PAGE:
If we do want to test the acceptance of autonomous shuttles properly, it should be tested in operational conditions, with large groups of passengers, all in a hurry, crashing into each other with faces buried in their smartphones. We want to see real behavior: Impatient people in a rush to get to work on time, on a hot sunny day, distracted by their phone or listening to music. The thing is, in a demonstration people often show a desired or ‘artificial’ behavior. During an unintended stop, there is no anxiety about getting to work late (and your boss screaming at you), no risk of the smartphone falling to the ground (missing out on the Pokémon you were just about to catch), rather the excitement of experiencing a fault in a system in the early stages of development. It is hard to analyse real behavior when passengers don’t use the system as part of their normal journey, in a normal way.
So, do demonstrations serve a purpose in verifying the technology? No, demonstrations don’t. Trials do. A Proof-of-Concept (POC) does. The difference? A demonstration is a show: a temporary display, typically at a high-profile site with limited demonstration hours. To verify that the technology test cases is created based on actual road data, a trial or Proof-of-Concept is conducted.
The site of the trial or the POC is a point of discussion – to say the least. Testing in the public space used to be an absolute no-go for other automated transit systems (and still is), but normal rules don’t seem to apply when it comes to autonomous vehicles. That is why you can now get on a very well regulated, tested and independently verified automated people mover at Phoenix Airport safely and on the other hand could get run over by a ‘registered’ autonomous vehicle as soon as you hit the city streets. Ironic? No, or maybe just a little…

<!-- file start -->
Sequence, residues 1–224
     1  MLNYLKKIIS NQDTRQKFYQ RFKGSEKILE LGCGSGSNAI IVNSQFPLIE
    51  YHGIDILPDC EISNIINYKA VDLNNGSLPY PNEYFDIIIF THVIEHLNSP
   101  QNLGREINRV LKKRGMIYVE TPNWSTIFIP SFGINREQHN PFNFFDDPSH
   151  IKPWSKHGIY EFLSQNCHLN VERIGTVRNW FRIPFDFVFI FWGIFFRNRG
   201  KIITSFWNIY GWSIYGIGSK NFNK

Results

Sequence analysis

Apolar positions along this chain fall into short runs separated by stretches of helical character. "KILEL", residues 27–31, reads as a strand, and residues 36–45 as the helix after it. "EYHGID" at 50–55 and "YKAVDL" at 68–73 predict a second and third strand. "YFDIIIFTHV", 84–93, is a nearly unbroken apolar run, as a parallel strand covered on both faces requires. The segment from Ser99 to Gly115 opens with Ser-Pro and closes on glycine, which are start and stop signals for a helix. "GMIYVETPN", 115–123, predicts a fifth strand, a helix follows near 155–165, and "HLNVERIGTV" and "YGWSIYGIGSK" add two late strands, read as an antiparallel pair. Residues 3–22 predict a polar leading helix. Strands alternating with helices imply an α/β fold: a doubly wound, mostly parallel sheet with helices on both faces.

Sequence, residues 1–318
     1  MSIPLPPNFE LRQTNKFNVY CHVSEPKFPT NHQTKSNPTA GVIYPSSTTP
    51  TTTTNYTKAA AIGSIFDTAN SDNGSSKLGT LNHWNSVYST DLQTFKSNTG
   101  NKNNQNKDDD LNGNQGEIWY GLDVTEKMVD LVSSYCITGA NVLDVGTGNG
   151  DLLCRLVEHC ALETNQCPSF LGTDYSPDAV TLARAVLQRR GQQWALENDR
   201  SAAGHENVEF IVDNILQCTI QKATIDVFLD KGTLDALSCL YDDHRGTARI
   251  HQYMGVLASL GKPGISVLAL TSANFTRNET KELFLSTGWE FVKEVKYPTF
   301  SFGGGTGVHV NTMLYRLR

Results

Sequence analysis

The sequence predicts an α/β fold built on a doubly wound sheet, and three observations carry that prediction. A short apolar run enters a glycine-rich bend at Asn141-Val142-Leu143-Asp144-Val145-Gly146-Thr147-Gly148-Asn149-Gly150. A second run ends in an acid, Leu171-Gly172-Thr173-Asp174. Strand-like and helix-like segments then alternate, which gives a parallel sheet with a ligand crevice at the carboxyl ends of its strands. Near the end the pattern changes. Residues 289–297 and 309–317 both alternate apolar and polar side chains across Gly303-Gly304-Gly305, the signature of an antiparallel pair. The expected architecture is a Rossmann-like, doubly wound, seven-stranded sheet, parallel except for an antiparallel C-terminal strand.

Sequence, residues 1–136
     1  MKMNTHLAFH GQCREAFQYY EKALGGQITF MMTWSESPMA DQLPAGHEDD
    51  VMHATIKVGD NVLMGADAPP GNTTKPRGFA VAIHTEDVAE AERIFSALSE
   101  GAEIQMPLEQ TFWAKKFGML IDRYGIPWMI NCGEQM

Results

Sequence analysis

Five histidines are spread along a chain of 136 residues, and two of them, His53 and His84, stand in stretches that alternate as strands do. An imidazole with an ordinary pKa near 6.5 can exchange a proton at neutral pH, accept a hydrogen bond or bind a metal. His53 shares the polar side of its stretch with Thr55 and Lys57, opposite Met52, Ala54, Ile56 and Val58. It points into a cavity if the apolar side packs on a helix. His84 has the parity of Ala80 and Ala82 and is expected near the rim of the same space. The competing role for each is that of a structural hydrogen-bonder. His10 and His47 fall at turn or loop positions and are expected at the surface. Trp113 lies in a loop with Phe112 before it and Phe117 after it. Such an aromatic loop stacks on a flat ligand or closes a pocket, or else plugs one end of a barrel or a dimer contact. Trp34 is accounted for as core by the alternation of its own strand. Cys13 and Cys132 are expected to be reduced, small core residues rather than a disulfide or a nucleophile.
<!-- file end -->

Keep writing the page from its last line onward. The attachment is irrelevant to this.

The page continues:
Each incident (another AV running a red light), accident (another AV crashing into the back of a stopped fire truck) and injury or casualty (a lady crossing a street at night) leads to cities and authorities – thankfully – starting to impose strict regulations before autonomous vehicles are allowed on public roads. And that is a really good thing for the development of autonomous vehicles and the industry. Whereas most innovations have a lot of leeway when first introduced, maturity only comes once regulations are established.
Convincing Decision Makers
The key reason for a demonstration is to convince decision makers to “take the next step”. Show the technology is ready for daily operations, carrying members of the public safely and efficiently.